My parents would have been livid had they lived to see 45’s regime. Knowing this is a comfort to me. My Dad had no tolerance for the mistreatment of people. He taught us it was important to do what was right at all times. He explained to me what I did when I thought nobody was watching revealed my character. (When I was a kid, Character Counts was bandied about like a motto during Saturday morning cartoons.) I’m often literal, and as a child, I believed I was being watched by Jesus at all times, assuming that’s who my Dad meant. No wonder I’m so high strung.
My Mom would have adored the Obama’s. She also would have pointed him out to me before he ran for President. She went out of her way to make sure I was aware of successful POC my entire life. I’m glad she did because it was a gift I didn’t know I needed. She gave me books by Maya Angelou and Alice Walker. We spent a lot of time in libraries and museums. I mostly remember my Mom complaining that Steve and I had touchy-itis; a horrible disease where the sufferer is compelled to touch everything, especially if fragile.
There was an authentic Sioux teepee on display in a local museum. It had a soft but rigid hide and thicker than I expected. I also discovered the improper securing of said teepee when it tipped over. Fortunately, my Mom decided my horror at tipping it over was punishment enough. I still agree. I’m grateful I had parents who valued good character. Their influences still guide me daily. I miss them, but I’m also glad they’re free from 45’s tyranny.
I’m doing well. It finally stopped snowing, but the driving is still precarious. My boss asked me if I’m happy in my position today. I’m overqualified for the job, but I didn’t understand why it’s an issue as it was deliberate on my part. He said something about retention, but eventually, we got to the bottom of things. He was concerned I might start my own company again. I assured him it doesn’t interest me.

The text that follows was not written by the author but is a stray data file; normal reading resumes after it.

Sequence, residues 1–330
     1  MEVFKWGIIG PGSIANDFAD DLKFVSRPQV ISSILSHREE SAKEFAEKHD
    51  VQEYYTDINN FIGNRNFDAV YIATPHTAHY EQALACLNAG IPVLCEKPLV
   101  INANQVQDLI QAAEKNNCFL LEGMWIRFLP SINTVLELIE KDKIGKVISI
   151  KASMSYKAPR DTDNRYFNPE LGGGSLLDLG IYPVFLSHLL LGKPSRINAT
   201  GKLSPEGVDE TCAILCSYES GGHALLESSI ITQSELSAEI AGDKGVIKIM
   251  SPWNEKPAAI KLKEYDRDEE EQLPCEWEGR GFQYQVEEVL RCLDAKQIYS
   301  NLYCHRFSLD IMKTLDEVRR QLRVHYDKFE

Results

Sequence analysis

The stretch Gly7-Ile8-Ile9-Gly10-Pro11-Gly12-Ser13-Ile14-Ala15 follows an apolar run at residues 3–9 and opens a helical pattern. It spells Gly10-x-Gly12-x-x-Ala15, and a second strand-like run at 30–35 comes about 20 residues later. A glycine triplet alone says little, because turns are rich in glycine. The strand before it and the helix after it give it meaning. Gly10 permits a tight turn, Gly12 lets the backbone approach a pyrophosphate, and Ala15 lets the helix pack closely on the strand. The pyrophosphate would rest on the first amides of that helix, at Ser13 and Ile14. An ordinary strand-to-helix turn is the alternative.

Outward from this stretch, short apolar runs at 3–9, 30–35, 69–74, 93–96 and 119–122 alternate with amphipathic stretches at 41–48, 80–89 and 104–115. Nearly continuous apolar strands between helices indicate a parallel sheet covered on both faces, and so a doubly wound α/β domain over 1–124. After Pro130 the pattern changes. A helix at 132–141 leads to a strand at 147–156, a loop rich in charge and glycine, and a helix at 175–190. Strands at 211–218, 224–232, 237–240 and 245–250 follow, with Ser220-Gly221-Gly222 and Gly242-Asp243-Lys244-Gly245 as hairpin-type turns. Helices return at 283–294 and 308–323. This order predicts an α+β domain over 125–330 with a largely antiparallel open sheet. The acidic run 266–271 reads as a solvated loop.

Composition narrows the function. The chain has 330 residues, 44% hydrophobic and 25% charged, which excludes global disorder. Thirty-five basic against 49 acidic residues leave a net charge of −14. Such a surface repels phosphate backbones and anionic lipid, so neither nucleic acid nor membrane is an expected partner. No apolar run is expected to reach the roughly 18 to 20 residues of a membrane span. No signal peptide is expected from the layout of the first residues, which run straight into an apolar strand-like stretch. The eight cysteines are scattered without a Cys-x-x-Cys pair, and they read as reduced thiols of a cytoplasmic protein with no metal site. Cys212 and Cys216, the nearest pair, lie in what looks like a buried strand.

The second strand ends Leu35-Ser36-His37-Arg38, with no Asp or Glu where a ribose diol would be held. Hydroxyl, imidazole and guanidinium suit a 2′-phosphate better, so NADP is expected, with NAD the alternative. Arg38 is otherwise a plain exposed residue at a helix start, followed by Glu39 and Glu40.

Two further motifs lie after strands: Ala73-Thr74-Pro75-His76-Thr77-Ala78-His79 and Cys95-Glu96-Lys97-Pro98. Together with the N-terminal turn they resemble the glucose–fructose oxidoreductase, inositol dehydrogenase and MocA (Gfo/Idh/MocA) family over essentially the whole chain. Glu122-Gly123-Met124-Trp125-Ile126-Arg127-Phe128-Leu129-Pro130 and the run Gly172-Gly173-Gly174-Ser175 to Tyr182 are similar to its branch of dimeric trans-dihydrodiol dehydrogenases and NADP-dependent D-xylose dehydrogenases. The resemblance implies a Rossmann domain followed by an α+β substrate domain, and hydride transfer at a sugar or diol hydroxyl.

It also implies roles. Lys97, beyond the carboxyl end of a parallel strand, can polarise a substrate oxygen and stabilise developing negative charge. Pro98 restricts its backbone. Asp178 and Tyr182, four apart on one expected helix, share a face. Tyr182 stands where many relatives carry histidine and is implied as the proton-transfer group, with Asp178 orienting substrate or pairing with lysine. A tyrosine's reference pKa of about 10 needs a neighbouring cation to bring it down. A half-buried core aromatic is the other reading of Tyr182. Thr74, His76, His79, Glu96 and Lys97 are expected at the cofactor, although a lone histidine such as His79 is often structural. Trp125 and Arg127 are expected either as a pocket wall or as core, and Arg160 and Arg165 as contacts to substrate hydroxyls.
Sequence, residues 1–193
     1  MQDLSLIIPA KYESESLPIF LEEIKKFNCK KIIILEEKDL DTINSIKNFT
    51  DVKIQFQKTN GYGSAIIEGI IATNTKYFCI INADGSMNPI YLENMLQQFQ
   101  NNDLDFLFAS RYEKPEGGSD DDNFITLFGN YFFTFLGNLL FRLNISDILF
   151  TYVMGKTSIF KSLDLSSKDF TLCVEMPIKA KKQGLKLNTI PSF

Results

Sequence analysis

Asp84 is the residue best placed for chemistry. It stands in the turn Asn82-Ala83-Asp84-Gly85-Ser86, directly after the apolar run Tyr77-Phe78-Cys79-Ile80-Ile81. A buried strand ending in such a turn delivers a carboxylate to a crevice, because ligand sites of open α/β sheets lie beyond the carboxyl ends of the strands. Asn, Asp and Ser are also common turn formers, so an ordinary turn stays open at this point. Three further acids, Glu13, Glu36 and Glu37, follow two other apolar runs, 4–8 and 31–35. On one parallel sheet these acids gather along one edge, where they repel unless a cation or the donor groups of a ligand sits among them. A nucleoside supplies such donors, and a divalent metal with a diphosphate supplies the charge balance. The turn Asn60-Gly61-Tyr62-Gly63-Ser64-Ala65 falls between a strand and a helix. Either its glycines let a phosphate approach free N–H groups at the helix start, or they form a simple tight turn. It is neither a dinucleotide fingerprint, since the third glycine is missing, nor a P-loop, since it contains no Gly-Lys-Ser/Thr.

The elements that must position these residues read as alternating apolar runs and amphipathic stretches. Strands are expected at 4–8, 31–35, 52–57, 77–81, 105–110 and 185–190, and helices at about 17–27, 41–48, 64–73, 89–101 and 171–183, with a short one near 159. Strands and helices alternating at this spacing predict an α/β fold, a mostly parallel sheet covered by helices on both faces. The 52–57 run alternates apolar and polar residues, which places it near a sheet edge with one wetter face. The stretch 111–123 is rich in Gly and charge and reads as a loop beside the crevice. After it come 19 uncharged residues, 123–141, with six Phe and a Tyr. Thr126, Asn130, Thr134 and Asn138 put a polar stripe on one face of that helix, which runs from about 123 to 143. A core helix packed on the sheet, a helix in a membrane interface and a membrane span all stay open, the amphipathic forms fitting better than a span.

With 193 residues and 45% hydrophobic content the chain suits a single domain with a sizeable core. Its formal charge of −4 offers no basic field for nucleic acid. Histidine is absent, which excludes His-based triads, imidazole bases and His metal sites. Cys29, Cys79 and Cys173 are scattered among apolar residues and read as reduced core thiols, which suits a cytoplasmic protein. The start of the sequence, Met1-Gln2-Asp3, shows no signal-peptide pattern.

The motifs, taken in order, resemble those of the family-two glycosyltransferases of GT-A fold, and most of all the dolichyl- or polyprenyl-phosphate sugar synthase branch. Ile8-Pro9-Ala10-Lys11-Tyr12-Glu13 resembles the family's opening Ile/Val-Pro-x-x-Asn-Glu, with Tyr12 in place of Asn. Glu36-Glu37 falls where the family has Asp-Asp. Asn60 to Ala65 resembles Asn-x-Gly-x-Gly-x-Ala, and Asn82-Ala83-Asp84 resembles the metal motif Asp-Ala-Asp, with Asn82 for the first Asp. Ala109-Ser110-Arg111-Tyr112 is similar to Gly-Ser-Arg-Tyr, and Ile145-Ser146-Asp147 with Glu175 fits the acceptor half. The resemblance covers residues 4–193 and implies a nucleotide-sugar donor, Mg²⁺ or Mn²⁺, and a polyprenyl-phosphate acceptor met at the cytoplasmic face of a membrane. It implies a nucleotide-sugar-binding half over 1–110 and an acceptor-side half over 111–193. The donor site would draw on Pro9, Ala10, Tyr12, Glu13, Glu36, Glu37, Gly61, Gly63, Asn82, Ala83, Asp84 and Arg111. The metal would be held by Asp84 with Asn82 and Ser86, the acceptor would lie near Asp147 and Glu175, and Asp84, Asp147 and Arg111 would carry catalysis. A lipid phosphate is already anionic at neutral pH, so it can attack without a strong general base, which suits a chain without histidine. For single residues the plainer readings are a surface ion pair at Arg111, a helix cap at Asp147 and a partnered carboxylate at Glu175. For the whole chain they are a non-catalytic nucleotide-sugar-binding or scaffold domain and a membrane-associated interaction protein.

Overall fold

I’m on the other side of life now, since I don’t have kids. I won’t compete with Millennials in the workforce or business sector because it’s their turn now. My job is to help them achieve and get access to resources. Because duh. My fellow Gen X’ers who are still raising their kids need me and others like me to help with their grandparents, and sometimes parents who are struggling to remain independent. The circle of human life. When I’m no longer able to live independently, the Millenials will probably have gadgets to compensate and a bot to report any problems. Home automation will include whatever necessary to allow me to stay independent the way Meals on Wheels does now. (Alexa, I’ve fallen and can’t get up!)
It takes a village isn’t just about kids. It’s about everyone in the community. I know how to be a good neighbor. Mr. Rogers taught a lot of us. If everyone looked out for their neighbors, it would be a nicer country to live in. Also, homelessness would be a rare problem. Not having a family to fall back on probably leads to it often. I lost family to the cult of Drumpf after the election. It wasn’t surprising. I figure if having two black little sisters didn’t aid them in overcoming racism, nothing will.